Monday, August 12, 2013

Monday - Part One - Emma Bridgewater

Stitching continues apace on "Star Spangled Sampler."

Did anyone figure out my clue in the last post?  Our 'friend' Emma B. is the Emma Bridgewater company.  So off to Stoke-on-Trent we went.  We were appropriately greeted by a statue of Josiah Wedgwood.

Stoke-on-Trent and the surrounding area was once known as The Potteries. Wedgwood, Spode, Coalport, Doulton, and Minton all were produced here.  Local availability of clay, salt, lead, and coal made it the perfect place for the production of pottery.

We got to take a tour of the Emma Bridgewater factory.  The clay is by far the most important 'ingredient'. 

Clay from 3 or 4 different areas is mixed together. 

The clay is then either put in molds to be shaped...

...into mugs. 

Or the 'tubes' of clay pictured earlier are cut and flung (much like pizza dough) onto molds... create bowls and plates.

After the first firing the pieces are carefully worked to remove any rough spots or imperfections. 

They then get a rough base glaze.

Then the sponge patterns are applied by hand. 

As are details like a painted rim or base.  Such careful and precise work!

Some of the patterns like the birds, are applied with a lithograph pattern sheet.  Careful, careful, careful - it must be straight and true with no air bubbles!

Factory production is normally around 21,000 pieces a week.  Right now, however, the factory has geared up to produce 80,000!  Everyone is on mandatory overtime.  The reasons: The birth of Prince George, a license to produce Beatrix Potter pieces, and the introduction of six new patterns for the fall / winter.  If you look above you can see some of the new patterns: penguins, 2 owls, citrus, and a Christmas pattern.

There was a very nice cafe which was decorated with wonderful ceramics and an example of the Emma Bridgewater Aga stove/oven which one might order if feeling extremely flush! 

We took a look around both the shop and the outlet.  I bought six more bird mugs - but cannot show them as I had them shipped back home.

I was so impressed by the number of steps involved to create the pottery and all the skill needed too.  Emma Bridgewater is to be commended for taking a 'historic' for of employment and making it relevant in the 21st century.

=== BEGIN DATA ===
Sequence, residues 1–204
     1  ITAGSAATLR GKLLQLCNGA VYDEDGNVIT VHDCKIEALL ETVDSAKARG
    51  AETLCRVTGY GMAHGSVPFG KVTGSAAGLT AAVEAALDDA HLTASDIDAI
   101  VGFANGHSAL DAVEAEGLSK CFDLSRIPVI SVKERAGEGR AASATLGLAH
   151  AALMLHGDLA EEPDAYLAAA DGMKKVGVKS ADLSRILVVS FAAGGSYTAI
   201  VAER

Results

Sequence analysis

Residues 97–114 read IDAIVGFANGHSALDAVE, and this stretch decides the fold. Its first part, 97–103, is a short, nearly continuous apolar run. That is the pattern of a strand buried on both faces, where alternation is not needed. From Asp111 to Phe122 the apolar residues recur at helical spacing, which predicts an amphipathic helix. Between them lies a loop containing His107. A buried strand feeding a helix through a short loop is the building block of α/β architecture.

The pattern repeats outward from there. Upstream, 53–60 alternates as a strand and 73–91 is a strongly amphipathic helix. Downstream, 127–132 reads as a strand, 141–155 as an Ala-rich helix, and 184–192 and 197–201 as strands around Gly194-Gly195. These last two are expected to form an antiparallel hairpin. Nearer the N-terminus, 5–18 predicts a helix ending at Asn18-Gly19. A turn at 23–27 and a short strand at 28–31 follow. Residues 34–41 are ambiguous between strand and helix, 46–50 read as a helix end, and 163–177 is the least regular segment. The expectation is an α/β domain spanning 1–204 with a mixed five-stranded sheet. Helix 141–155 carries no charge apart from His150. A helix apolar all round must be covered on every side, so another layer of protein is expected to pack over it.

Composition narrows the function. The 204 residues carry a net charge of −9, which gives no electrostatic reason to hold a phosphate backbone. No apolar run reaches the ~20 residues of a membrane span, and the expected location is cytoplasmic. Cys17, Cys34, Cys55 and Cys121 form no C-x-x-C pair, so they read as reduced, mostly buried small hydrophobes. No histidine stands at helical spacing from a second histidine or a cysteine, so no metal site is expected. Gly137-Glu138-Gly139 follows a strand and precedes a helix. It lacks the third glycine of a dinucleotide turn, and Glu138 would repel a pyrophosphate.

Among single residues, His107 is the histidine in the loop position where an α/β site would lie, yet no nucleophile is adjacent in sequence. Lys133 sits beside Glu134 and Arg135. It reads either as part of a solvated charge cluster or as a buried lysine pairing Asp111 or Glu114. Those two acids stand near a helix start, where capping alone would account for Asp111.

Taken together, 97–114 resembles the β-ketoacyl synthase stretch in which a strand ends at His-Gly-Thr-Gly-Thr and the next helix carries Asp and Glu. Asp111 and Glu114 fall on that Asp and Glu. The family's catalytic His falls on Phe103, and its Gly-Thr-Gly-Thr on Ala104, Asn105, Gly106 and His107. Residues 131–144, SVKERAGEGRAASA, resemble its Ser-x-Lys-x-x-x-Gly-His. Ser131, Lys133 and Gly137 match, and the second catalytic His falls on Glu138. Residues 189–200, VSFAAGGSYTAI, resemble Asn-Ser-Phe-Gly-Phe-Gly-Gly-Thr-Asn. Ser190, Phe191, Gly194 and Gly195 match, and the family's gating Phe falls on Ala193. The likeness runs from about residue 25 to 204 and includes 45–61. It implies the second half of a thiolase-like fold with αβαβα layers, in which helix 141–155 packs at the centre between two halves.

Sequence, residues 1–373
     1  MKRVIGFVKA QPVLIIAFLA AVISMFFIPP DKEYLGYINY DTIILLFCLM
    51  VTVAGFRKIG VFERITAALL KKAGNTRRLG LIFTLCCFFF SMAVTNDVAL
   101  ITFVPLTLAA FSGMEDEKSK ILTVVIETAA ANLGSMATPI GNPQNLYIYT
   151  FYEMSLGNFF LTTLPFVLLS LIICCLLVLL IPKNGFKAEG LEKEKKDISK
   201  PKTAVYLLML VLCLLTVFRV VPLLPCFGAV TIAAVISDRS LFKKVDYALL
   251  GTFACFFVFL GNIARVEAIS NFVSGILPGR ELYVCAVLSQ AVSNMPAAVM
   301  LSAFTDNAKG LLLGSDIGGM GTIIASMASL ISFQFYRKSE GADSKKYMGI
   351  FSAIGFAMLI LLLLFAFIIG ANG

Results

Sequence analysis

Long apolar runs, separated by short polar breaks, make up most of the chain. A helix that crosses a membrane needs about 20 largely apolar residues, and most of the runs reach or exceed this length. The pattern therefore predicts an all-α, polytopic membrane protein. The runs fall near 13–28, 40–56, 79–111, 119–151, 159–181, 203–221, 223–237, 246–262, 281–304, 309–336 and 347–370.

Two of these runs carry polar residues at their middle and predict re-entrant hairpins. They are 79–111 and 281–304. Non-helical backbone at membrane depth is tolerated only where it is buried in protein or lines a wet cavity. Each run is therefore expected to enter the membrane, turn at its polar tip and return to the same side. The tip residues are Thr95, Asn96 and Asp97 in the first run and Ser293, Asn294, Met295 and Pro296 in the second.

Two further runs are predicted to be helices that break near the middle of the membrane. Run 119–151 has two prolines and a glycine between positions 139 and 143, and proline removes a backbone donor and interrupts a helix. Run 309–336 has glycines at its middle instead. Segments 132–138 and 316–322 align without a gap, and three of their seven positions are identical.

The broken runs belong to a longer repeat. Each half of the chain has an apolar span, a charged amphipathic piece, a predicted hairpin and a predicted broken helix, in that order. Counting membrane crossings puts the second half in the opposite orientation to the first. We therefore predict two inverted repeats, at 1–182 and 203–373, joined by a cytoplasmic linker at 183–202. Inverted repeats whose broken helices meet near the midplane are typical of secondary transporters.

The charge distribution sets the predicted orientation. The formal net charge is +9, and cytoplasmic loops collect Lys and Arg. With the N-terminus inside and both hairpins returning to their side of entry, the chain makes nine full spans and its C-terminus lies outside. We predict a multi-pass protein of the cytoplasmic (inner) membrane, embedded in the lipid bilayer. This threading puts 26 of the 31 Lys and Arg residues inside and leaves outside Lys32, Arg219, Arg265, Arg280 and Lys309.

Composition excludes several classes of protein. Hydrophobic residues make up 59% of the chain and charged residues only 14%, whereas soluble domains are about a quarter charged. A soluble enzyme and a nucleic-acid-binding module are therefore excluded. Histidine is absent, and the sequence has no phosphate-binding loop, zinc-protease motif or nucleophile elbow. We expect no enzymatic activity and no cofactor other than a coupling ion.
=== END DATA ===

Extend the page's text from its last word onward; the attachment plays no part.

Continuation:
Chris said...

Wow! Another stop that I would have loved. So I will be looking forward to seeing the mugs when you get home. I really love the ones with the bird eggs and feathers :)

Vickie said...

Oh Beth! I think it would be really awesome to work there. Did you possibly spot any poodles?

Margaret said...

Oh my gosh, what a treat!!!!! Wow, I didn't know they did factory tours! So cool! Lucky lucky you! What fun to see the new patterns too!

The Inspired Stitcher said...

Oh my goodness, I'd love to tour that factory! I've loved her designs for years and never knew you could tour the facility. What a treat!

Melissa said...

Oh wow, I would love to see that factory! Did you buy much to take home? I must say since you've had a long vacation it must be hard not to buy everything you love in sight!

Maggee said...

You must be done with Star Spangled by now... love that one especially! Pretty cool factory! Love each design! Just my style! Remember my watering can? Oh that makes me smile! Growing up, my parents did ceramics. We had liquid clay, molds and a kiln. Then they (and once or twice, us kids) painted. I think I have a couple of pieces here...Nothing like the Bridgewater place, but a memory nonetheless. Hugs!

Melanie said...

80,000 pieces a week! Crazy!!!
It's all beautiful work. Love it!